KARACHI: The devastation from Pakistan’s “worst floods in living memory” could have been contained had flood-prevention projects been put in place, experts say.
The government claims that nothing could have prevented the floods that have killed more than 1,600 people and made over a million people homeless.
“These are not the country’s worst floods,” stresses irrigation expert Idrees Rajput, also a former member of the Sindh government. “Water levels in Sindh rose to similar high floods in 1992 and 1976 but the impact was not as huge. This time, flooding has been exacerbated only due to decades of government corruption and neglect.”
Pakistan has earlier braved floods in 1973 and 1976, following which the Federal Flood Commission (FFC) was established in 1977. The commission operates under the water and power ministry and was set up to integrate flood management on a country-wide basis, especially relating to the Indus River System. Before the FFC, provincial governments would plan and execute their own flood-protection projects.
Irrigation experts, however, believe that the Federal Flood Commission (FFC), in tandem with provincial irrigation departments, misused funds and poorly managed flood-prevention projects.
“All these years, the FFC has approved and executed water control projects only on paper,” says irrigation expert Arshad H Abbasi. “They were never there to monitor the work on the ground or to hold provinces accountable for work done.” According to official documents available with The Express Tribune, the FFC has “successfully prepared and executed” three National Flood Protection Plans (NFPP) worth Rs87.8 billion since 1978. A fourth plan is still under implementation. Among other flood-prevention projects, these plans included emergent flood schemes, such as building embankments and spurs and improving the flood forecast and meteorological system. The projects were mostly funded through foreign loans from the Asian Development Bank, the International Development Association-World Bank and German financial organisation KFW. Japan had made an additional grant of Rs348 million.
According to the FFC, the projects were executed in all the provinces, the Federally Administered Tribal Areas (Fata), Gilgit-Baltistan, and Azad Jammu and Kashmir. A list of projects “completed” in 2007-08 shows that 17 projects were executed in Balochistan, 11 in Punjab, nine in Khyber-Pakhtunkhwa, nine in Fata, six in Sindh, and five in Gilgit-Baltistan.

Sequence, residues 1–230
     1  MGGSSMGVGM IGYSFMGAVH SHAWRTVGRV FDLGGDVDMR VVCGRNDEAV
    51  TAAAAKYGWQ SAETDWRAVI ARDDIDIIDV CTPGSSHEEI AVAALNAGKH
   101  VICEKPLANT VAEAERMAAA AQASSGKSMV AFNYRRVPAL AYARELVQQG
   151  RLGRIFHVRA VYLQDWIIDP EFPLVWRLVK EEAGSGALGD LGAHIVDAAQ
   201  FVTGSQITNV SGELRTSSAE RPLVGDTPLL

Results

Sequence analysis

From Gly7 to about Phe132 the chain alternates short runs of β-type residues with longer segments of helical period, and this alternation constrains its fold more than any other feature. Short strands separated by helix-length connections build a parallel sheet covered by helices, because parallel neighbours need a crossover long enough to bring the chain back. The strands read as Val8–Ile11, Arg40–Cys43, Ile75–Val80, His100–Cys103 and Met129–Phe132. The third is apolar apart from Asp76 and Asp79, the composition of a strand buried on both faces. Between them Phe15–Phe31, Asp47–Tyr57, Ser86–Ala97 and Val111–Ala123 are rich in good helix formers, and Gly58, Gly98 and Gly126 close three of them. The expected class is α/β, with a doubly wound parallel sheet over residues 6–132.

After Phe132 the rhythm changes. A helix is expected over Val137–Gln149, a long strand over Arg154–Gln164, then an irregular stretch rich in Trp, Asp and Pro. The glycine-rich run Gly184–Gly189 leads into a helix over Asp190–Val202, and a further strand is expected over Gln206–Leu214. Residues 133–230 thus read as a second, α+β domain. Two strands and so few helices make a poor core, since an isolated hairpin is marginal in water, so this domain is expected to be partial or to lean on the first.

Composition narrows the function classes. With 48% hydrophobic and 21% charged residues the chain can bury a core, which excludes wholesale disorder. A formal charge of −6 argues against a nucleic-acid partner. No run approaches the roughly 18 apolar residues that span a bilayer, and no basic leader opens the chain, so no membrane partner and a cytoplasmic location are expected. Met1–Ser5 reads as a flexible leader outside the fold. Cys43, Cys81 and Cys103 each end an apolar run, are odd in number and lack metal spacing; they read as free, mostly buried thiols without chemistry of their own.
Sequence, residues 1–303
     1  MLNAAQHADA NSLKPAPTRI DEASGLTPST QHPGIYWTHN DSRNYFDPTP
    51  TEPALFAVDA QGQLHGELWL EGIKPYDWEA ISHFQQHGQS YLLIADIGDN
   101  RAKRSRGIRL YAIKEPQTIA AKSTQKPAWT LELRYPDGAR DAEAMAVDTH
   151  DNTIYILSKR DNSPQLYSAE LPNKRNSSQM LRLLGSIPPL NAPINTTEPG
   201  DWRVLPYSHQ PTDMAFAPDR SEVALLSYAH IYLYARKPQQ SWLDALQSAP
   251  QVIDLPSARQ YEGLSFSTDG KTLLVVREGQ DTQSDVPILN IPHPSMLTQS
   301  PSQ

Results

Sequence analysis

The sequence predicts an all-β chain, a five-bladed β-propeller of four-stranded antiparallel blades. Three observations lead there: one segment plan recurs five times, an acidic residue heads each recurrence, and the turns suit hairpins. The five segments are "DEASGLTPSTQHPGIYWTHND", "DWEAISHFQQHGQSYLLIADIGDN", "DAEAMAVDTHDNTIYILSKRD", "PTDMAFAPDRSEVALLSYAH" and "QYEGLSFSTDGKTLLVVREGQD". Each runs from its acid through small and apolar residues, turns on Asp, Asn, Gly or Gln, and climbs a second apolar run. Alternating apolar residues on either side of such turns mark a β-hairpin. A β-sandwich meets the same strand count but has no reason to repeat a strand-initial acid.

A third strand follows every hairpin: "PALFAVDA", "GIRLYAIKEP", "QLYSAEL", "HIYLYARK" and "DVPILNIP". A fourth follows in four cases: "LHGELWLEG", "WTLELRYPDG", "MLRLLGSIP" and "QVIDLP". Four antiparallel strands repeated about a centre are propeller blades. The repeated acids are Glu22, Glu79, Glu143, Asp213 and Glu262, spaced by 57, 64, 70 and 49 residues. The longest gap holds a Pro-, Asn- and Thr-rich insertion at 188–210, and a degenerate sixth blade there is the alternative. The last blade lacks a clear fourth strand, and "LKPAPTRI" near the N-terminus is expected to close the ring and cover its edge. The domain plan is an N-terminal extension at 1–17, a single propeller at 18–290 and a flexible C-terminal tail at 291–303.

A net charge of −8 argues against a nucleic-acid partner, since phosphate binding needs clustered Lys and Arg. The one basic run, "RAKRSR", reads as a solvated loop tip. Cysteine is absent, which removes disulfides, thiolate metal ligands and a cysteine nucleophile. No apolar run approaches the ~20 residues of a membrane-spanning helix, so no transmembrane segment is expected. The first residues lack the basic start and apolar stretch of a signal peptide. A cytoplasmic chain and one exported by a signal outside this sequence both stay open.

In Khyber-Pakhtunkhwa’s worst-hit districts, Nowshera and Charsadda, the FFC claims that it executed projects worth Rs27.3 million in 2007-08 and Rs52 million in 2008-09, which were 92 per cent complete [before the floods]. While documentation is officially complete, the projects are yet to be identified by locals on the ground. The Punjab chief minister had recently inspected bogus projects in South Punjab but the government did not still chose to stay silent over the FFC’s criminal negligence.
FFC Chairperson Zarar Aslam told The Express Tribune that the commission is not an executing body. “The FFC is constantly alleged of corruption but we are not an executing body. Our role is to facilitate the provinces, approve their schemes and provide funds to the respective irrigation department officials in each province.”
Aslam said that the commission had received Rs25 billion for flood mitigation, excluding the Rs740 million that were allocated to the FFC in the present year’s budget. This lack of funds, he said, makes accountability difficult as the commission had no budget for monitoring the implementation phase. “One needs to ask the provinces where all the money went. They are responsible for executing approved schemes and maintaining their embankments and bunds,” he said.
In a recent report by corruption watchdog Transparency International Pakistan, the chairperson was accused of misusing about 60 to 70 per cent of the budget. The amount was meant to be allocated to provinces. Zarar rubbishes the allegations. “If this were the case, then in 34 years, the FFC could not have managed to build embankments along 6,796 kilometres of the river and 1,410 spurs across the country.”
But building them is not enough, say experts. The structures have to be looked after on a regular basis, especially during the monsoon season when floods can be expected. Some structures, add experts, have not been upgraded since 1929.
“These were natural floods, but later turned into a man-made catastrophe due to the slackness of public officials and lack of trained staff in the irrigation department to tackle such a disaster,” says Rajput. “If dykes along the river had been strengthened, devastation could have been prevented to a great extent.” Abbasi says that the FFC needs to be taken to task as it overlooks implementation of projects.
Not enough dams
Others believe that failure to construct dams aggravated matters but experts warn that faulty rhetoric would only flame controversy.
“Dams do not prevent floods in the monsoon season,” Rajput says. “They have reached maximum capacity by the time we have heavy monsoon and they cannot hold more water. Even if Kalabagh Dam had existed, it could not have absorbed enough water to prevent these floods.” He said that the Tarbela and Mangla dams were both unable to absorb more than 25,000 to 30,000 cusecs of the flood, which did not really help as the maximum level of floodwaters was recorded at 1,148,000 cusecs this time.
Rajput said that flood-absorption dams need to be especially built for storing water during the flood season. “But there is no utility of such dams in Pakistan because these high floods are a rarity and cannot be used as a justification to disturb the natural flow of water.” Instead, he suggests, the government should invest in hiring trained personnel and engineers who can make timely decisions.
Published in The Express Tribune, August 24th, 2010.